SHIP BY ANOTHER NAME: In her remarks at the Memorial Day observance in Richmond on Monday, Lois Boyle highlighted moments of naval gallantry during World War II and the Korean War and also shared a tidbit of history: The ship preserved and commemorated in Richmond as the SS Red Oak Victory was originally slated to have a different name.
In fact, the original name of the ship, the SS Frostburg, was painted on the hull, and the outline of the letters are visible upon close examination, hidden beneath layers of paint.
It was decided in 1944 to name a ship for the city of Red Oak, Iowa, which had seen a disproportionate number of losses during the war relative to the size of its population.
"All the plans had been made for the ship's launch -- the wife of the mayor of Red Oak, Iowa, was coming to Richmond, books had been donated by the library and citizens of Red Oak for the ship, and the date set -- Nov. 9, 1944," Boyle said in her remarks. "But the designated hull was not going to be ready."
The ship under construction was hull No. 544, which had already been assigned the name "Frostburg," for a mining community in Maryland. The name had even been painted on the hull.
"But not to fear," Boyle told her audience, "permission was given to switch the hulls and on top of that name 'Frostburg" was emblazoned the name 'Red Oak Victory.'"
A later hull was assigned the "Frostburg" designation by the U.S. Department of Customs, which oversaw naming cargo ships during the war.
Boyle said afterward that she researched the naming of the ship after Richard Arnold, who volunteers as the ship's keeper of the Red Oak, noticed and pointed out the earlier name.
SPEAKING OF MEMORIAL DAY: Most of Navy veteran Dan Franklin's memories of D-Day are the kind he'd rather forget. But Franklin, 86, a Rossmoor resident who on Memorial Day received the French Legion of Honor Medal for his heroism during the invasion of France, did recall one lighthearted moment after Allied forces established control, and he was stationed on the bluffs over Omaha Beach.
"We were up there for three days," he said, "and there was a big poppy field there. It was mined pretty sufficiently. I only weighed 94 pounds or something, and everybody wanted to take a poppy home from France. I still have mine. So they put me on their shoulders, and together we leaned in to the minefield to pick poppies. I think about it today, and I think, 'Get out of town.' "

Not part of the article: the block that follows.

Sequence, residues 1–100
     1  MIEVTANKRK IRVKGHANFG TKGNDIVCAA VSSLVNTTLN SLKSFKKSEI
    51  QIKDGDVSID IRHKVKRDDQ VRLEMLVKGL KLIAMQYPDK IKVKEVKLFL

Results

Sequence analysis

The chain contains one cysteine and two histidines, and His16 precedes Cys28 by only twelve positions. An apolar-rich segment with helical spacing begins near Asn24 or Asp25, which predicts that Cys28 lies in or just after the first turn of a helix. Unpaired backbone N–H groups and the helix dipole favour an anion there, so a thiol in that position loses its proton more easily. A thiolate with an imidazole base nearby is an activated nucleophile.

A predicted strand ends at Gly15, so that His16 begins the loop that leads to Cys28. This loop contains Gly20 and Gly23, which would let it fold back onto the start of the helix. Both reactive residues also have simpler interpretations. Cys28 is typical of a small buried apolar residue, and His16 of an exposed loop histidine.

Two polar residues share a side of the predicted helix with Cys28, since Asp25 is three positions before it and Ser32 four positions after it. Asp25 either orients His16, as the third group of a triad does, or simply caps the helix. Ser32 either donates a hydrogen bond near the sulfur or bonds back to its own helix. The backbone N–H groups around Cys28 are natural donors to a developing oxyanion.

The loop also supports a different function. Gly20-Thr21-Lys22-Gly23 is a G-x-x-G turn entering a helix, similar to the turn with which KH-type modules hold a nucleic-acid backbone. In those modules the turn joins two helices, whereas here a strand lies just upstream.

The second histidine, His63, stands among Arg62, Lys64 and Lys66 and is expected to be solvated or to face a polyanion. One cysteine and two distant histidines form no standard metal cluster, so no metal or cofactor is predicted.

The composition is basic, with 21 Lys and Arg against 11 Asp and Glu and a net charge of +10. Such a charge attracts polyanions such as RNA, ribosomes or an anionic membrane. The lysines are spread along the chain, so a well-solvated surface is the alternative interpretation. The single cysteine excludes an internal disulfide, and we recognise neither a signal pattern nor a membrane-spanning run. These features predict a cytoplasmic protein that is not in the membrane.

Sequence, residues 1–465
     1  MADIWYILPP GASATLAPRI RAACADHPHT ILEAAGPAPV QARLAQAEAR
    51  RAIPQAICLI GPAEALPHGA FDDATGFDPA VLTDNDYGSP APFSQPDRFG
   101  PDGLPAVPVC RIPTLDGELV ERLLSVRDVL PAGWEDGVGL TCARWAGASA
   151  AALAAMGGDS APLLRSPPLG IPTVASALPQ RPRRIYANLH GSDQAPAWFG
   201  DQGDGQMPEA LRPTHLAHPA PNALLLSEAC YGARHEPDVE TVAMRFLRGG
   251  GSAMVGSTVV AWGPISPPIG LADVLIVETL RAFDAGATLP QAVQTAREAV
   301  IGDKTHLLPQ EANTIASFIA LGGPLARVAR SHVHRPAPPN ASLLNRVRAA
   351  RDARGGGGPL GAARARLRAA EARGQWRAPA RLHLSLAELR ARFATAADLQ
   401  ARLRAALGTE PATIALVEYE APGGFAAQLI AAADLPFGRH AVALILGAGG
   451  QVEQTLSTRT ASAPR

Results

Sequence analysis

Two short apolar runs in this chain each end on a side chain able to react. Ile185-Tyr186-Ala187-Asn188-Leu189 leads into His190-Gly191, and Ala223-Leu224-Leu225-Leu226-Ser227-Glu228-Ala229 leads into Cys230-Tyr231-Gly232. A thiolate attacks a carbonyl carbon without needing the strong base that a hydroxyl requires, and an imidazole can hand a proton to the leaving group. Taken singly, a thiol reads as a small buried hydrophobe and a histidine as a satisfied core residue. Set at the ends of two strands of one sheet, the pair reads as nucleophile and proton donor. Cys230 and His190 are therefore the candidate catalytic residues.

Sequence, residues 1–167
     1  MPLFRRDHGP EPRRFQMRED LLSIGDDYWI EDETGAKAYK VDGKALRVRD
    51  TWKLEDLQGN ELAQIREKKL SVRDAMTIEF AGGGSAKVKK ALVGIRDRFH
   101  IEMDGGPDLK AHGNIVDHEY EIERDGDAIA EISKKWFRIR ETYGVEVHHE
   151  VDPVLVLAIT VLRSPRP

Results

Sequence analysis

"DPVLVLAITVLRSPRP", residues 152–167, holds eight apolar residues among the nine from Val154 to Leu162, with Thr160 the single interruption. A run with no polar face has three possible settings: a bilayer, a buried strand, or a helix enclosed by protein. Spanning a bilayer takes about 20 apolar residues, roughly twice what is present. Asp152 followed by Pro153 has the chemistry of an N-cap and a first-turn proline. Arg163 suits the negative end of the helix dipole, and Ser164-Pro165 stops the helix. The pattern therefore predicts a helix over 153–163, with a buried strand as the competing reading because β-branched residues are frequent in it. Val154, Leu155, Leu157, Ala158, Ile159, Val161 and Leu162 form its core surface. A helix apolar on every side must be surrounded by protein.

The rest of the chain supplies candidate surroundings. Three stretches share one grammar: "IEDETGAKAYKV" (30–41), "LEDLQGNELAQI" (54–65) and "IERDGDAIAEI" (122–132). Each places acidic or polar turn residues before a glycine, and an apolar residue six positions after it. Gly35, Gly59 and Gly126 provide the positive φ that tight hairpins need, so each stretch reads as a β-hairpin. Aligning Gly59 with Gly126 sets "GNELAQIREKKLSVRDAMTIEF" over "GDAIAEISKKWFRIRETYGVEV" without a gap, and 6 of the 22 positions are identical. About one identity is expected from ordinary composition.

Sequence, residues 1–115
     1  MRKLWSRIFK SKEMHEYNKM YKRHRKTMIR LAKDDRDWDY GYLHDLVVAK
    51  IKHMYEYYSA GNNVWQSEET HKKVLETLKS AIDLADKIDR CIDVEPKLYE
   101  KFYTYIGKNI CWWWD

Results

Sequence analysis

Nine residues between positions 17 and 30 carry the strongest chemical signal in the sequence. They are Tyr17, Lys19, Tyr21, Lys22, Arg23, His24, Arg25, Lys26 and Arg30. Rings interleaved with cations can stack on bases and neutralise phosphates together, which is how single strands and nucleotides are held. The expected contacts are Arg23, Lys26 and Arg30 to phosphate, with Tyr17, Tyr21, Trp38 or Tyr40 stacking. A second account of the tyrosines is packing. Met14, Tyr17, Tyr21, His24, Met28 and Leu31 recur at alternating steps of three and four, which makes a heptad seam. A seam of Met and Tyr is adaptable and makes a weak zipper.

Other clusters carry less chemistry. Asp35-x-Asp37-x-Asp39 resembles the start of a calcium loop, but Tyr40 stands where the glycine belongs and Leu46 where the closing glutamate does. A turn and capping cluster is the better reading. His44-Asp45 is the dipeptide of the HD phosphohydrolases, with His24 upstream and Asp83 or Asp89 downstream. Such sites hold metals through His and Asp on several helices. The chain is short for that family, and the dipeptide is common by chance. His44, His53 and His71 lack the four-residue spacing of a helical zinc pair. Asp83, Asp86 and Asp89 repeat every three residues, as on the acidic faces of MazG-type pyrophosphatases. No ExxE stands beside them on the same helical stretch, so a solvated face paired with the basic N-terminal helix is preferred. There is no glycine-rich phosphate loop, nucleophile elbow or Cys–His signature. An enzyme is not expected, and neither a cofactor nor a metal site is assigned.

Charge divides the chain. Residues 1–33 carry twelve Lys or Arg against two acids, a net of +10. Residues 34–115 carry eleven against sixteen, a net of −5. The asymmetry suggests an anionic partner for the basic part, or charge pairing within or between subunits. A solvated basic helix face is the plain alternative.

DELTA LEAK: The Eye couldn't help but notice the irony last week when listening to a conference call by critics of Gov. Jerry Brown's Bay Delta Conservation Plan. During the portion of the call where reporters from around the state asked questions about plans to move water from the Delta elsewhere in California, The Eye heard what sounded like the occasional drip of a faucet.
The Eye contacted another participant in the call to see whether he heard the same. The reporter confirmed that The Eye wasn't going crazy.
SILVER SCREEN DUMPSTER DIVING: Ohio transplant Mark Smith hit the mother lode earlier this month when workers were clearing out the dome movie theater in Pleasant Hill shortly before it was demolished. Smith says he was having a beer next door at the Loaded Hog biker bar (RIP) when he saw employees pushing carts loaded with cardboard tubes.
The tubes contained scores of original posters for films that screened at the iconic movie house, according to Smith. He waded knee deep in a Dumpster to retrieve three van loads of glossy posters for Disney animations, romcoms, sci-fi epics and indie favorites.
Smith knows from experience that original movie posters can command top dollar -- he wanted a few for his home theater but settled for cheaper reprints instead. He hopes to spin his fortuitous find into personal box office gold. Would he be willing to donate a few posters to the local historical society that seeks mementos to commemorate the dome theater's 46 years as the most recognizable landmark in Pleasant Hill?
Not likely. "A guy's gotta eat," Smith said.
Staff writers Chris Treadway, Gary Peterson, Paul Burgarino and Lisa P. White contributed to this column.